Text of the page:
A Texas trooper who arrested a black motorist later found hanged in jail is expected to turn himself in on Thursday to be booked on a misdemeanor perjury charge related to the arrest, a sheriff’s office said.
The family of the woman, Sandra Bland, said earlier in Chicago that the misdemeanor charge against trooper Brian Encinia was not enough and he should be indicted for assault, battery and false arrest.
The Waller County Sheriff’s Office has received notice that Encinia will appear later in the day for booking, an official said, adding it was not sure if he would be held in the same facility where Bland died.
Encinia was indicted by a grand jury in Waller County, outside of Houston, on suspicion of lying in a police report about why he pulled Sandra Bland out of her car in July 2015. Bland died three days later of an apparent hanging.
The misdemeanor charge is punishable by up to a year in jail and a $4,000 fine. After the indictment was handed up, the Texas Department of Public Safety said it would fire Encinia.
“There is no one who believes this is right for the crime,” Geneva Reed-Veal, Bland’s mother, said at a news conference in Chicago. “No one should be OK with this.”
The case was one of many in recent months that has raised questions about racial bias in U.S. policing. Bland’s family has questioned autopsy reports she committed suicide.
Reed-Veal said she did not trust local prosecutors and authorities, adding they had not given the family information on the grand jury process or returned Bland’s personal items to them.
Encinia has not spoken about the indictment.
Bland was stopped on July 10 by Encinia for failing to signal a lane change in Prairie View, about 50 miles northwest of Houston.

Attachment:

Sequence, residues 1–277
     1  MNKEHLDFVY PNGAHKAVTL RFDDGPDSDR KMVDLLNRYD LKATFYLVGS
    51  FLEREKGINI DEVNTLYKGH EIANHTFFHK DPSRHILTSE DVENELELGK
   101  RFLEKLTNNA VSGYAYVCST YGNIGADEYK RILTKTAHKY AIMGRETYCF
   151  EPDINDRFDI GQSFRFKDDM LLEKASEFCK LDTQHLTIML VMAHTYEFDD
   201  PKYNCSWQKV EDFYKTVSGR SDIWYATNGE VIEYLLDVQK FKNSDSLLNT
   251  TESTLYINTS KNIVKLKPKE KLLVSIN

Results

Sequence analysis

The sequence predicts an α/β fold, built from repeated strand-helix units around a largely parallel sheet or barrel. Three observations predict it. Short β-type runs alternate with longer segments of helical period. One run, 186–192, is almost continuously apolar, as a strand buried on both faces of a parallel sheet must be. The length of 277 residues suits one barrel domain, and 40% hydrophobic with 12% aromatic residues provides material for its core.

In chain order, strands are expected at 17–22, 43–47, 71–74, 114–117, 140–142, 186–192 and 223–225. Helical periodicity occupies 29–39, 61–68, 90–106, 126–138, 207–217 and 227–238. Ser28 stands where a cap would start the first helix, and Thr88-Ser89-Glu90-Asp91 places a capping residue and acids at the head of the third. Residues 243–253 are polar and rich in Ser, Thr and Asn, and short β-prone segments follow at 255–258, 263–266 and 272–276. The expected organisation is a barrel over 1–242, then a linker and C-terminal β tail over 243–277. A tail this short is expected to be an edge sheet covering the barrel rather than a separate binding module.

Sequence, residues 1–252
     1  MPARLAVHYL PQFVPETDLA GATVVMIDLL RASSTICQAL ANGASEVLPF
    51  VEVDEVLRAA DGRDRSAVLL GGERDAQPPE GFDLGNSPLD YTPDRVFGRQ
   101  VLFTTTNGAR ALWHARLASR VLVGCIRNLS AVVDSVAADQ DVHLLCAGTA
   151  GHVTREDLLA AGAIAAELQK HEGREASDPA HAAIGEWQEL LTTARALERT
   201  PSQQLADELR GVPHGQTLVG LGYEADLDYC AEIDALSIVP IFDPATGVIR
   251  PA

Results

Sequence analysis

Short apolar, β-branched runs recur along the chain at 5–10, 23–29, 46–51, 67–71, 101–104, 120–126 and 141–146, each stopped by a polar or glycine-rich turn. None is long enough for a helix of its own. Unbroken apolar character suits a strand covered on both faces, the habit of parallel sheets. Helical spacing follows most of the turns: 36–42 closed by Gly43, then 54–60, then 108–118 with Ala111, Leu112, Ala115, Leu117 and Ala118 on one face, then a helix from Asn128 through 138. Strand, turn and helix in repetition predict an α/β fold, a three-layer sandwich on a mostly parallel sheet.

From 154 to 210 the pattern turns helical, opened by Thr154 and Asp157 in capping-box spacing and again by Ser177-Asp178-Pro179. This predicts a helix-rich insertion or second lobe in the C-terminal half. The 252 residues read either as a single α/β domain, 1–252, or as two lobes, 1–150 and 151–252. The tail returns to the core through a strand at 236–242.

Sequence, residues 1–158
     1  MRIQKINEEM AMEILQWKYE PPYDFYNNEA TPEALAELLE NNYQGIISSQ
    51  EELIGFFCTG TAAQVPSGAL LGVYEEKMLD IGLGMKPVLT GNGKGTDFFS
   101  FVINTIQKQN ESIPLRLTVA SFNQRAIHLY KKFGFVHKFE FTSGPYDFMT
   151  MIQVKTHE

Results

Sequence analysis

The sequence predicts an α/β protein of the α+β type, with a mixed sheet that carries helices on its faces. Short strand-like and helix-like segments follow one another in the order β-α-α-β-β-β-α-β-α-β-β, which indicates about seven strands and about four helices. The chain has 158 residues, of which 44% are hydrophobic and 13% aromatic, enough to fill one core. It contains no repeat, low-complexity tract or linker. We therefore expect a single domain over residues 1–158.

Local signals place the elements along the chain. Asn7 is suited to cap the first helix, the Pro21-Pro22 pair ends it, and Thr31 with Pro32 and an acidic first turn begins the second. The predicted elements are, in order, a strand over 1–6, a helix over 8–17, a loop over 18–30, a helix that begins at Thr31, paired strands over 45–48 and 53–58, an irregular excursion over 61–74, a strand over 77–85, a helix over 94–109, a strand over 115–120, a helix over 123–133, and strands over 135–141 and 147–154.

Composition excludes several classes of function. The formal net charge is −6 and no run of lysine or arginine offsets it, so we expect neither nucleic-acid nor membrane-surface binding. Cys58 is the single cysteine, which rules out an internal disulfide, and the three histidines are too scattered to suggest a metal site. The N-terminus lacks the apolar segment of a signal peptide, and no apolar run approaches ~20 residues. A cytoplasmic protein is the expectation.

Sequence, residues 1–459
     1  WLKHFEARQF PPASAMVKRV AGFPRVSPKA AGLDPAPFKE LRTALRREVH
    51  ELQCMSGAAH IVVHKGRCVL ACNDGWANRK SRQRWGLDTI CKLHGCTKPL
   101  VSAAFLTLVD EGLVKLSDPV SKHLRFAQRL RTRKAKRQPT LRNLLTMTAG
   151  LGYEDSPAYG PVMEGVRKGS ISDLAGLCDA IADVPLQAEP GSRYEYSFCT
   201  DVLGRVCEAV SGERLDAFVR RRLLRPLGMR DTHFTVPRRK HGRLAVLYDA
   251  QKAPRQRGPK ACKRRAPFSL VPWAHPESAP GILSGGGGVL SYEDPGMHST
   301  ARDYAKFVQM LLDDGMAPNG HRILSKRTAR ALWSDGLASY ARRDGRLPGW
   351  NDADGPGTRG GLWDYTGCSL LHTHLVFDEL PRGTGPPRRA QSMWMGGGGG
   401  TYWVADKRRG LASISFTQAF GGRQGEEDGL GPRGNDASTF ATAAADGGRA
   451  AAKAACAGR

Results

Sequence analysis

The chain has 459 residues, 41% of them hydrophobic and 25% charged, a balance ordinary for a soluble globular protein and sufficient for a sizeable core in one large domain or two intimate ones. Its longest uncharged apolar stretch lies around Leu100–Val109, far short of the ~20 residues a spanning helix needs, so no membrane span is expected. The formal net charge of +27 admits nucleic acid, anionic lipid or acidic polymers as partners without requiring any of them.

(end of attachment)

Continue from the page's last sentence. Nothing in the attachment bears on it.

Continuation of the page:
A prosecutor said Encinia reported he pulled Bland out of the car to investigate the traffic violation.
The traffic stop escalated into a verbal altercation after Encinia asked Bland to put out a cigarette and she refused. A dashcam video of the incident showed Encinia brandishing what appeared to be a Taser and telling Bland, “I will light you up.”
The Texas Department of Public Safety faulted Encinia for his conduct during the traffic stop. The video showed him shouting at Bland and failing to answer her when she asked numerous times why she was being arrested.
Bland was charged with assaulting an officer, a felony, and critics said her race was an underlying factor in the traffic stop and the way in which the trooper allowed the confrontation to escalate.
Bland’s found dead in her cell three days later with a trash bag around her neck. Her family has filed a wrongful death lawsuit. Local officials have said she was not mistreated in jail.
(Reporting by Jon Herskovitz; Additional reporting by Jim Forysth in San Antonio and Suzannah Gonzales in Chicago; Editing by Bill Trott and Steve Orlofsky)